|“Lord, I am not worthy to have you enter under my roof; only say the word and my servant will be healed.”
- Matthew 8
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Twelfth Week in Ordinary Time
Sunday is the Solemnity of the Nativity of Saint John the Baptist, with special readings. Luke's Gospel show us the deep faith of Elizabeth and Zechariah as their newborn son is named John. “All who heard these things took them to heart, saying, 'What, then, will this child be?' For surely the hand of the Lord was with him.”
Thursday is the Memorial of Saint Irenaeus, bishop and martyr. Friday is the Solemnity of Saint Peter and Saint Paul, Apostles, with its own readings.
The first readings this week are from the Second Book of Kings. It is the story of the invasion by Assyria and then the invasion by Babylon, resulting in captivity that left a remnant of the people behind. The week closes with a reading from the Book of Lamentations.
This week we continue reading from Matthew's Gospel. Jesus continues his challenge to follow him more completely. “Stop judging, that you may not be judged.” “Do to others whatever you would have them do to you.” “Beware of false prophets, who come to you in sheep’s clothing.” “Not everyone who says to me, 'Lord, Lord,' will enter the Kingdom of heaven, but only the one who does the will of my Father in heaven.” “Who do you say that I am?” When a leper asks if Jesus will cure him, Jesus replies, “I will do it. Be made clean.” On Saturday, Matthew quotes the prophet Isaiah, “He took away our infirmities and bore our diseases.”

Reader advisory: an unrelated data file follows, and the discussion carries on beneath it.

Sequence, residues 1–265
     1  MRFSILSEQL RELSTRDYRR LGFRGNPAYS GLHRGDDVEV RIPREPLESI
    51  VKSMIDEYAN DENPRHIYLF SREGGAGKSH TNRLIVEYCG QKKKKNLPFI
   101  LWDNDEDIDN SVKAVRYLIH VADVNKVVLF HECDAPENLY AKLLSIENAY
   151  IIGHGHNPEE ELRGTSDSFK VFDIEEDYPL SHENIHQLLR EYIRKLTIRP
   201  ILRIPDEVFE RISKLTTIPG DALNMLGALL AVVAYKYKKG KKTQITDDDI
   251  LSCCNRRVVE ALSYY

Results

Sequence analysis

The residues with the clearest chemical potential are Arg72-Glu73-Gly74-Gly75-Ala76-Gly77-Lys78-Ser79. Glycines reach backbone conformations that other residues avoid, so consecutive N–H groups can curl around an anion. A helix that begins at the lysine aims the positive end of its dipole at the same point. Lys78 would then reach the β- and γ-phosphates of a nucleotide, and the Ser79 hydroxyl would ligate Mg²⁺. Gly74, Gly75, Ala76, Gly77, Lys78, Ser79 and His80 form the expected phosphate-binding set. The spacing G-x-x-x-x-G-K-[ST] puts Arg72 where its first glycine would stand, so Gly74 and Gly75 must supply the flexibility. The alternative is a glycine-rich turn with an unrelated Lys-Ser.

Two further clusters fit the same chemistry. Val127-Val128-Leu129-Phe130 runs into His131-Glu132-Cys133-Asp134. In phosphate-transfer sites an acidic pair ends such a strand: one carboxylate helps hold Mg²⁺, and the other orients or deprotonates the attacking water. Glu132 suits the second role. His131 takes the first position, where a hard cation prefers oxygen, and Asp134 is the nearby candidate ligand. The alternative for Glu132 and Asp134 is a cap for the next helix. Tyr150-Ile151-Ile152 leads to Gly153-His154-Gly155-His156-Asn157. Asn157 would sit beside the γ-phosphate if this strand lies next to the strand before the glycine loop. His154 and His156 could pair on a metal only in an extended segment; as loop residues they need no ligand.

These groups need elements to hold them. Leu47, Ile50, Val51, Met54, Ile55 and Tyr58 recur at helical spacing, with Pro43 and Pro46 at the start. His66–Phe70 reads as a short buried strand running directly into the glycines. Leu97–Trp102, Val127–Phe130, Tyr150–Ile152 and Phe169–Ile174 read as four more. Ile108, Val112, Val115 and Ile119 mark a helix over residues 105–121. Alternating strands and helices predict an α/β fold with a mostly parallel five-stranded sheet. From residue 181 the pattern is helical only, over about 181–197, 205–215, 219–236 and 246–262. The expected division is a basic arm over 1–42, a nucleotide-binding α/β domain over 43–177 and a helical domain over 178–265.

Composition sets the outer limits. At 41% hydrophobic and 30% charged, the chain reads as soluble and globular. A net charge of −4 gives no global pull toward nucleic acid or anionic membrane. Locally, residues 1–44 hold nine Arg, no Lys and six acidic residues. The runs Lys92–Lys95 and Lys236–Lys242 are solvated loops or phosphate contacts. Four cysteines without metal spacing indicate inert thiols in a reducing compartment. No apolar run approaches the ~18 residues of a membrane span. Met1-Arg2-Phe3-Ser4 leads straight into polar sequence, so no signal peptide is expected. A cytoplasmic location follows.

On the Thirteenth Sunday in Ordinary Time we hear the wonderful story of the healing of Jairus' daughter. In the middle of that story is the beautiful story of the healing of the woman with a hemorrhage. He said to her, 'Daughter, your faith has saved you. Go in peace and be cured of your affliction.'” Jesus tells Jairus, “Do not be afraid; just have faith.” When the girl was healed the people “were utterly astounded.”
Daily Prayer This Week
Most of us know that having faith is more about confidence and trust in the Lord than it is about theological understanding or assent to truths. The biggest barrier to our more complete following of our Lord in faith is fear. This is a wonderful week to ask our Lord to heal us so that we can not be afraid and just have faith in him as we place our faith in his calming presence.
We can begin each day, sitting or standing at the edge of our bed and, in 30 seconds, simply name our desire. “Lord, thank you for this day. Please heal my fears. I want to place my trust in you more completely. Be with me in the tough stuff today.” When we are in the shower or while getting dressed, as we are heading to work or doing laundry, when we are walking down a hall to a meeting or even at a store shopping, we can expand on our prayer - again, briefly and in a friend to friend conversation with our Lord. “Dear Lord, I'm going to be facing several things today that feel like storms at sea. Don't let me lose sight of your presence with me today. Give me courage and an inner peace to do what you call me to do.”
The phrases from Matthew's Gospel can work their way into our week so easily in this context. “Lord, let me know your love and mercy, that I might treat those I'm now judging with more of the love and mercy you show me.”“Lord, it feels like you are inviting me to take a narrower path today than the one I usually take, following the way everyone around me goes. Help me choose your way with greater freedom and peace.”
There is a real and sustaining joy that accompanies this sense of intimacy with our Lord, in the midst of our daily, busy lives. It seems right to take a few moments each night to express our thanks to the Lord for the gifts of the day.
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